When we judge somebody, it’s not sufﬁcient for us to know that they’ve caused harm; we also think it’s important to ﬁnd out whether they intended to do what they did. If a mother leaves her child alone to make a picture and comes back to ﬁnd paint all over the ﬂoor, it’s not enough to see that her son caused the mess to decide he deserves a telling off, the mum also needs to know whether he deliberately tipped the paint pot over or accidentally knocked it as he reached for his brush.
When the mother is deciding whether she thinks her darling boy deliberately tipped paint on the ﬂoor it shouldn’t matter whether the ﬂoor is in the kitchen or that it has spread onto the new hall carpet. The harm done has nothing to do with whether it was intentional or not. Yet I know from my own childhood that the defence ‘I didn’t mean to, Mum,’ was much more likely to be accepted when the damage was minor.
It’s not just my mum who looks at the consequences of an act before deciding how responsible the perpetrator is. We all do.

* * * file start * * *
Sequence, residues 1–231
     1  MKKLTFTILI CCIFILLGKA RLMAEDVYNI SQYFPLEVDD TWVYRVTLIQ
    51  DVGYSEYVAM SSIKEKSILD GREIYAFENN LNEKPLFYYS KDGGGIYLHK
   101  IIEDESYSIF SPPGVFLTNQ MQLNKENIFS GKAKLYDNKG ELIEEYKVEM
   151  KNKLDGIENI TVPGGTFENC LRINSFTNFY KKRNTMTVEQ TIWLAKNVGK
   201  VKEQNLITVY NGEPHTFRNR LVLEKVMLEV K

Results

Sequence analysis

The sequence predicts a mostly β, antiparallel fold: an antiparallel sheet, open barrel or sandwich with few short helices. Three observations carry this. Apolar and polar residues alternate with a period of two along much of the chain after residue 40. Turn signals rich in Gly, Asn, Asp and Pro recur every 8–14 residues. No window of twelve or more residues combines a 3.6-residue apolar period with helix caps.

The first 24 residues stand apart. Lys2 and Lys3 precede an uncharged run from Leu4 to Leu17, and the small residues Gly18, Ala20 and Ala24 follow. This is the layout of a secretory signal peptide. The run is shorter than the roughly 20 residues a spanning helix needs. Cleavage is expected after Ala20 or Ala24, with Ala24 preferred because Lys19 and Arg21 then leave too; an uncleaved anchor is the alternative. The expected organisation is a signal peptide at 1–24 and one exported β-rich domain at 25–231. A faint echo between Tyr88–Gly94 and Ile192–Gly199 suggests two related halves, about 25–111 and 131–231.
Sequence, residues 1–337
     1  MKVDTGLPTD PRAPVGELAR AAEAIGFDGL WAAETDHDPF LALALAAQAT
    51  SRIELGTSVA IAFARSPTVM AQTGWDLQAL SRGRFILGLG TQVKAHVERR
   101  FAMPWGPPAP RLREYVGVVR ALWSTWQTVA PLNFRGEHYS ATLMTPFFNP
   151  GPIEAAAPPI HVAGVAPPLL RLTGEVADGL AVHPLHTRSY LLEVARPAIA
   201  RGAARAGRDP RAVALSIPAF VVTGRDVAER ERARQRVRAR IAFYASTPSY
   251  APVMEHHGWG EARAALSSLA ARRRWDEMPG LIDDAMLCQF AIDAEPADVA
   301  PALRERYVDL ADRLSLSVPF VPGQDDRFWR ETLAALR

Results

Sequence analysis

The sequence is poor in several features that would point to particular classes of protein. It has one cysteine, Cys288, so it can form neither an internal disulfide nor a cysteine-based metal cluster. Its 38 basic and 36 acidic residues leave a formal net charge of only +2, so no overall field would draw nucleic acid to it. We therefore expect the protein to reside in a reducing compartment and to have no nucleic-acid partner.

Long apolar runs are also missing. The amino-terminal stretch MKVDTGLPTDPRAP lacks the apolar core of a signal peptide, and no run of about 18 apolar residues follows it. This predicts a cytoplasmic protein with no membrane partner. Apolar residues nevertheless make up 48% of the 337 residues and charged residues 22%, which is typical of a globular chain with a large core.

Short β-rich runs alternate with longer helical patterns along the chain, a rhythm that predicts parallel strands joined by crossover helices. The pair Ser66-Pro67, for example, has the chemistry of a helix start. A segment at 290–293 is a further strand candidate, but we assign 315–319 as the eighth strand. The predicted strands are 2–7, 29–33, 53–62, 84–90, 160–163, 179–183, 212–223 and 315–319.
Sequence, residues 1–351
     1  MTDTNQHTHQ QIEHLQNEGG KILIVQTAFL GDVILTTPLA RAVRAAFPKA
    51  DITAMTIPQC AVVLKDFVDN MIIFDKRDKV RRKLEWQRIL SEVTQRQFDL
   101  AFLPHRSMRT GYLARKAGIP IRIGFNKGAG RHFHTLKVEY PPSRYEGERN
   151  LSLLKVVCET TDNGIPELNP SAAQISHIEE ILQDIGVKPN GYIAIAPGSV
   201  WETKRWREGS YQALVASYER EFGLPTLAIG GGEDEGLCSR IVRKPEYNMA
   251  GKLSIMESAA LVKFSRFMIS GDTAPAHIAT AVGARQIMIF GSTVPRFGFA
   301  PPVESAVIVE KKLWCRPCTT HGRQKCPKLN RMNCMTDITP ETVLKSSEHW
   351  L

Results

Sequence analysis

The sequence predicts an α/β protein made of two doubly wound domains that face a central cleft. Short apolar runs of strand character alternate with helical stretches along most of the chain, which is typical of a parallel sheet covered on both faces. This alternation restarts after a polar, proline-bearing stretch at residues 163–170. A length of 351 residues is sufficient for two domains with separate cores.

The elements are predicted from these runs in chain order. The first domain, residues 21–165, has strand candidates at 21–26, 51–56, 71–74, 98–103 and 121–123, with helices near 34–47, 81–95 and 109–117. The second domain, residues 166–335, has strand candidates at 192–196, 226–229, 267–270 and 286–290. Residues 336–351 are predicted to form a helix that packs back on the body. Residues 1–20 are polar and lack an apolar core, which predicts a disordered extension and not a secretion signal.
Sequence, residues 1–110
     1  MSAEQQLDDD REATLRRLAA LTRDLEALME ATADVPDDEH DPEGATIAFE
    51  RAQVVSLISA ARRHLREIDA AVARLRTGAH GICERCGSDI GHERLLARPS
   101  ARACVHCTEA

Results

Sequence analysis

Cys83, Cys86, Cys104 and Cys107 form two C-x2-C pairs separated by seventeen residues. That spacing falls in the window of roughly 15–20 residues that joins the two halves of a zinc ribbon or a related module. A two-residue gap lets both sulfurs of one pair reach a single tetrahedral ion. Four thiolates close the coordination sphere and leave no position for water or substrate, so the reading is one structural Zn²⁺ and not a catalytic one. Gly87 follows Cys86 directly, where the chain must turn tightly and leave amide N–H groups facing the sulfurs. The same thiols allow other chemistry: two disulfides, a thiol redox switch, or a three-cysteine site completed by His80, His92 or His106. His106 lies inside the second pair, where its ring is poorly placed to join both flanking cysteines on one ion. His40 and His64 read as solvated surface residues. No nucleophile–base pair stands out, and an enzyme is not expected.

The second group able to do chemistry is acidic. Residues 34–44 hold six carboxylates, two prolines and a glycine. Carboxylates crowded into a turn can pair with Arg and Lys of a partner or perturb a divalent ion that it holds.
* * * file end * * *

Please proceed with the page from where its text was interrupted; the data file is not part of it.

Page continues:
Consider the following scenario. A company boss considers starting a new program. His advisers tell him that the project will increase proﬁts, but will also harm the environment. He thinks about it, perhaps puffs on his cigar, before saying ‘I don’t give a damn about the environment one way or the other. All I want to do is make as much money as I can. Get the project started.’ His minions scurry away, implement the decision, make a fat proﬁt for the company, and the environment is damaged. The question is not whether the project was justiﬁable, but whether the boss intentionally harmed the environment. Given a similar story, the overwhelming majority of people who were asked said that the chairman did intentionally damage the environment.
But contrast this with a different scenario. The same boss is considering another scheme. He’s told that the development will make money, but will also help the environment. The chairman responds ‘I don’t give a damn about the environment one way or the other. All I want to do is make as much money as I can. Get the project started.’ The program is executed, proﬁts are made, and the environment is improved. Did the company’s boss intentionally help the environment? Faced with this account, most people say that the improvement in the environment was unintentional.
Dr Chris Paley is the author of Unthink, which has been published in six languages.
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